Campus & Community

Japanese bookbinding, Harvard style:

2 min read

Harvard Neighbors group investigates intricacies of expressive art

These beautiful books were created in the Harvard Neighbors workshop: ‘Japanese Culture: Making Paper and Art.’

In February, a group of Harvard staff and affiliates visited the Far East – that is, the Harvard Neighbors space at the far eastern edge of Harvard Yard – to learn the Japanese art of bookbinding. Yayoi Witzel-Yoshida, who started the Japanese Culture interest group of Harvard Neighbors 10 years ago, and Japanese Culture stalwart Marsha Knoll helped participants create a traditional “stab” binding blank book.

As the small group of women busily folded pages, selected brightly colored print papers for their covers, and stitched their books with needle and thread, Witzel-Yoshida and Knoll shared their knowledge of Japanese arts.

“This type of book was used to make a diary,” said Witzel-Yoshida, adding that while, traditionally, one would make the book for oneself, it makes an attractive gift, as well.

“It’s a very non-Japanese thing, to cut the paper,” said Knoll as the bookbinders prepared their cover sheets. “You should tear it, because it honors the spirit of the paper.”

Yayoi Witzel-Yoshida and Marsha
Yayoi Witzel-Yoshida and Marsha Knoll lead the bookbinding workshop at Harvard Neighbors.

Below, instructor Knoll demonstrates how to bind the book’s edges.

Hands binding a
Although she’s never visited Japan, Knoll has been interested in the nation’s culture ever since she watched a public television show about origami. “I’ve just been stopped in my tracks by the papers and the care that goes into it,” she said. “I find it such a different culture from my own.”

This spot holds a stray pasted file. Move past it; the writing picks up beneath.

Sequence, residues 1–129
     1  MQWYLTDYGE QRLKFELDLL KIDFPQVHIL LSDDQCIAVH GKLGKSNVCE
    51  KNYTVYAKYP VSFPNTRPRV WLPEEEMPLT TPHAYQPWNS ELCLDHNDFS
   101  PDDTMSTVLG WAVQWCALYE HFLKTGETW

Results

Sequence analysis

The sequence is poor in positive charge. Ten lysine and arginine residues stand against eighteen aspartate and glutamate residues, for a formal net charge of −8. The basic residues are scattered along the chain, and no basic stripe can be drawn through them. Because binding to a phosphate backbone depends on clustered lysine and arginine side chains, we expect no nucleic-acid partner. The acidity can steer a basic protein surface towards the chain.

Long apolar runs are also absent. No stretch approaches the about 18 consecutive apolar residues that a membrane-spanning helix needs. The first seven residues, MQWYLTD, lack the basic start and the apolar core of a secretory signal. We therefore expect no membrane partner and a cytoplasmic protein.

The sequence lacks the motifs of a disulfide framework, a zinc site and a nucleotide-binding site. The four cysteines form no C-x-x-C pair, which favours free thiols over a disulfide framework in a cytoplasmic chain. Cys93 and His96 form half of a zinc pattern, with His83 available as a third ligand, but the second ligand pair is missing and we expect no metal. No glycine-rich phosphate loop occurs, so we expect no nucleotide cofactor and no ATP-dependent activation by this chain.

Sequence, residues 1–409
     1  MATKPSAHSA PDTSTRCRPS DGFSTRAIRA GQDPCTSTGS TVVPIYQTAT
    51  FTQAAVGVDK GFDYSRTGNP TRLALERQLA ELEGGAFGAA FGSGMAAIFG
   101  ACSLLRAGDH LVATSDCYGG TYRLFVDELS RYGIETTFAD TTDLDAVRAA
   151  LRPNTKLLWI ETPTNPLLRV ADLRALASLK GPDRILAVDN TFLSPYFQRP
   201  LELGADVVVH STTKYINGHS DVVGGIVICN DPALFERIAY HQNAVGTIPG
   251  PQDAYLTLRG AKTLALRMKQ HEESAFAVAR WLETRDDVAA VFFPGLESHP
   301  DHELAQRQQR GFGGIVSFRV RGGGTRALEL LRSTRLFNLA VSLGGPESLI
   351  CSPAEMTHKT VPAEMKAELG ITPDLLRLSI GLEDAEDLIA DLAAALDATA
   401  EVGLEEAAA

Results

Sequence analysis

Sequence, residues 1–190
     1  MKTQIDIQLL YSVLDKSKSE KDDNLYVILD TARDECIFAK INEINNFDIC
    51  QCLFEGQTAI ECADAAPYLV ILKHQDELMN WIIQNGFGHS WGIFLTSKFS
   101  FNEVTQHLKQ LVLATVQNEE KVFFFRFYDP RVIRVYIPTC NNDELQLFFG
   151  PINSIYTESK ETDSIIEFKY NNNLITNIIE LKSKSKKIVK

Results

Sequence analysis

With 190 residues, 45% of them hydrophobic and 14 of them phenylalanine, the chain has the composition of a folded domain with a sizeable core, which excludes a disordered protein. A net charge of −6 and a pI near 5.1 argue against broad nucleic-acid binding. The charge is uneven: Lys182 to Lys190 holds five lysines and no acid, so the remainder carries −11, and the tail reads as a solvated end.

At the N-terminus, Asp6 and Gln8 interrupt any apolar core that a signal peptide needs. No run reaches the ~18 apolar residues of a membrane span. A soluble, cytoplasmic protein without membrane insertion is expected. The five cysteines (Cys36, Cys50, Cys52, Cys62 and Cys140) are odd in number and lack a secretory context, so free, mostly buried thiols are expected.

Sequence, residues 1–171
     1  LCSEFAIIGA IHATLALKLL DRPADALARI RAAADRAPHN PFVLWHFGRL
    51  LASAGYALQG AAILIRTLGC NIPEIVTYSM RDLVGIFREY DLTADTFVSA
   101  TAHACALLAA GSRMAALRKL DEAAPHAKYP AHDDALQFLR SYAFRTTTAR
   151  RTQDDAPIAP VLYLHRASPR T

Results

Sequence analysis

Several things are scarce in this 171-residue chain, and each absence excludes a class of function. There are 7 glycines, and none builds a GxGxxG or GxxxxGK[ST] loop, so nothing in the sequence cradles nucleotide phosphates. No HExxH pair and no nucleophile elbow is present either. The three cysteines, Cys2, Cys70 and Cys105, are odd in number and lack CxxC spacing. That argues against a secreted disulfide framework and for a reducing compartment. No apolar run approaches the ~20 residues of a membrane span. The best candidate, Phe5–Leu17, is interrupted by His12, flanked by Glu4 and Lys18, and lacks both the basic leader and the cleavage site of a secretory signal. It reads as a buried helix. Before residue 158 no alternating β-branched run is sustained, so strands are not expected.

For Witzel-Yoshida, a native of Yokohama who has lived away from her native Japan for 30 years, it was leaving Japan that heightened her interest in the traditions of her homeland. The wife of Wales Professor of Sanskrit Michael Witzel, Yayoi Witzel-Yoshida saw that other Japanese natives who joined the Harvard community experienced a similar cultural awakening.

“Because the differences are so big, when they first come here, they notice Japanese culture for the first time,” she says. She started the Japanese Culture group in part to nurture this interest.

Now, the group’s loyal following includes Asians as well as non-Asians like Knoll. Which, says Witzel-Yoshida, makes for a tastier cultural stew.

“When East meets West, that is where interesting things happen,” she says.

Kumi Yasuda works on the final touches on her book. Witzel-Yoshida and Kayoko Asako (right) work in the background.